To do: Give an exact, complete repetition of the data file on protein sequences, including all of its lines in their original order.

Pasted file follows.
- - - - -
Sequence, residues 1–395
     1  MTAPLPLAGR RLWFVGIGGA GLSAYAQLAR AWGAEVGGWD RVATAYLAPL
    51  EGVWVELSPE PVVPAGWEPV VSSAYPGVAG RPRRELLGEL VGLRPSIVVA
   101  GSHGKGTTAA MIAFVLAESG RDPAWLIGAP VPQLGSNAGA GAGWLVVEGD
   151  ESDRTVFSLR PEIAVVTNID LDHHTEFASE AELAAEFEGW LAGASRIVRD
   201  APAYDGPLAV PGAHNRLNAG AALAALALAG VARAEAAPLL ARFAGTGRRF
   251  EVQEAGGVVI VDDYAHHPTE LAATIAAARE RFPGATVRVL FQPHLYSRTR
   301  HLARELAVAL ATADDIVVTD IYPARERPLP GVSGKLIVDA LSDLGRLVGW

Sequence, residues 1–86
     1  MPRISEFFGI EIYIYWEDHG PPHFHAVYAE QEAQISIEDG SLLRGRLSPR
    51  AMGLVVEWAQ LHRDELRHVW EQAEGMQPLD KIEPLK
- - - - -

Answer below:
Sequence, residues 1–395
     1  MTAPLPLAGR RLWFVGIGGA GLSAYAQLAR AWGAEVGGWD RVATAYLAPL
    51  EGVWVELSPE PVVPAGWEPV VSSAYPGVAG RPRRELLGEL VGLRPSIVVA
   101  GSHGKGTTAA MIAFVLAESG RDPAWLIGAP VPQLGSNAGA GAGWLVVEGD
   151  ESDRTVFSLR PEIAVVTNID LDHHTEFASE AELAAEFEGW LAGASRIVRD
   201  APAYDGPLAV PGAHNRLNAG AALAALALAG VARAEAAPLL ARFAGTGRRF
   251  EVQEAGGVVI VDDYAHHPTE LAATIAAARE RFPGATVRVL FQPHLYSRTR
   301  HLARELAVAL ATADDIVVTD IYPARERPLP GVSGKLIVDA LSDLGRLVGW

Sequence, residues 1–86
     1  MPRISEFFGI EIYIYWEDHG PPHFHAVYAE QEAQISIEDG SLLRGRLSPR
    51  AMGLVVEWAQ LHRDELRHVW EQAEGMQPLD KIEPLK